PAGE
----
On 13 July 2022, the Central Bank of Myanmar ordered companies and retail borrowers to suspend repayment of foreign loans. According to Bloomberg, companies in Myanmar have at least US$ 1.2 billion in outstanding dollar-denominated loans. The Central Bank’s order was introduced as one of the latest measures to protect the nation’s dwindling foreign exchange reserves, in addition to the government’s previous efforts such as imposing bans on imports of cars and luxury items, tightening fuel and cooking oil imports as well as instructing local businesses to deposit and exchange foreign currency at local banks. Since the military coup in 2021, Myanmar’s currency has lost more than 60% of its value.
What is the impact on Thai businesses?
The Central Bank’s order will no doubt affect foreign companies who operate in Myanmar as they can no longer repay debts with foreign currencies. Thai businesses who operate in Myanmar and borrow in foreign currencies are no exception. To prevent defaulting on their debt repayments, Thai businesses must now seek funding sources in Thailand or other countries or alternatively, to adjust loan repayment schedules with overseas lenders. The Department of International Trade Promotion in Yangon is cooperating with commercial banks in Thailand to grant loans for Thai businesses in Myanmar. It is expected that Thai companies operating in Myanmar which do not have debts in foreign currency will experience the least impact.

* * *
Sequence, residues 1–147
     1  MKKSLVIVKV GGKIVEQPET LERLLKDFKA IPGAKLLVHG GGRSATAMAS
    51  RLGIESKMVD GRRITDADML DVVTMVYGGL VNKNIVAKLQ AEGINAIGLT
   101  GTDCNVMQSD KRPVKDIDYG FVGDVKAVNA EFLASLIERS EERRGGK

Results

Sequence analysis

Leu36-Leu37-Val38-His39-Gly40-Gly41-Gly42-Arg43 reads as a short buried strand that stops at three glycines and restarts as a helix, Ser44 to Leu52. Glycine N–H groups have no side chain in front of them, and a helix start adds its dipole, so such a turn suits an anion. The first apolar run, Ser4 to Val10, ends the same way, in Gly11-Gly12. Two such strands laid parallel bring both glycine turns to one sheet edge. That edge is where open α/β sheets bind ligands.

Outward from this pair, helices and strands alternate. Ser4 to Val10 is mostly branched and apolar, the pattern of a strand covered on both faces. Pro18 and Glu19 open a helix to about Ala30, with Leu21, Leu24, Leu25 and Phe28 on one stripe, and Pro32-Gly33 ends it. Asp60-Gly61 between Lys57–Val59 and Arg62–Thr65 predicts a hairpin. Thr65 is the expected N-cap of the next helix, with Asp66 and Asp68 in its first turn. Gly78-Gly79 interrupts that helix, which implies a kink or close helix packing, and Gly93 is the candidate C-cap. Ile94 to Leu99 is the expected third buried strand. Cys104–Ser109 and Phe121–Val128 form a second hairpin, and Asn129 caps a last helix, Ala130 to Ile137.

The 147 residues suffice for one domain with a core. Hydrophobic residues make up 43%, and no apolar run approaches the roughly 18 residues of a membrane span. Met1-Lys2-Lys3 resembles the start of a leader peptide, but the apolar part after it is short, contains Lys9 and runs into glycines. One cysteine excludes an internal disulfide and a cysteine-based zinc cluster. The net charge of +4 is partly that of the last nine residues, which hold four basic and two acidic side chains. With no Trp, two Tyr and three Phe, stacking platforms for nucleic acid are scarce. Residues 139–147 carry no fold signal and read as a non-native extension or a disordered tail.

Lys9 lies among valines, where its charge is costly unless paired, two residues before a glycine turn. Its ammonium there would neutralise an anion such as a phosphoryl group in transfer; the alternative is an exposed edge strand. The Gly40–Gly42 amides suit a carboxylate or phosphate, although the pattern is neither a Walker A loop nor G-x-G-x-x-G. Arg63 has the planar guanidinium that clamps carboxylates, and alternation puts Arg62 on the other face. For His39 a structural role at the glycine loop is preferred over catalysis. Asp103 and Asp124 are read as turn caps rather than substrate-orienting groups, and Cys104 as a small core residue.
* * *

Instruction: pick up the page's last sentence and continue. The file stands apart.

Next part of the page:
In the few weeks since the announcement, the impact for Thai companies appears to have been limited. However, in the event you are experiencing difficulties and would benefit from some advice on your legal options, we remain available to assist.
Herbert Smith Freehills LLP is licensed to operate as a Qualified Foreign Law Firm in Malaysia. Where advice on Malaysian law is required, we will refer the matter to and work with licensed Malaysian law practices where necessary.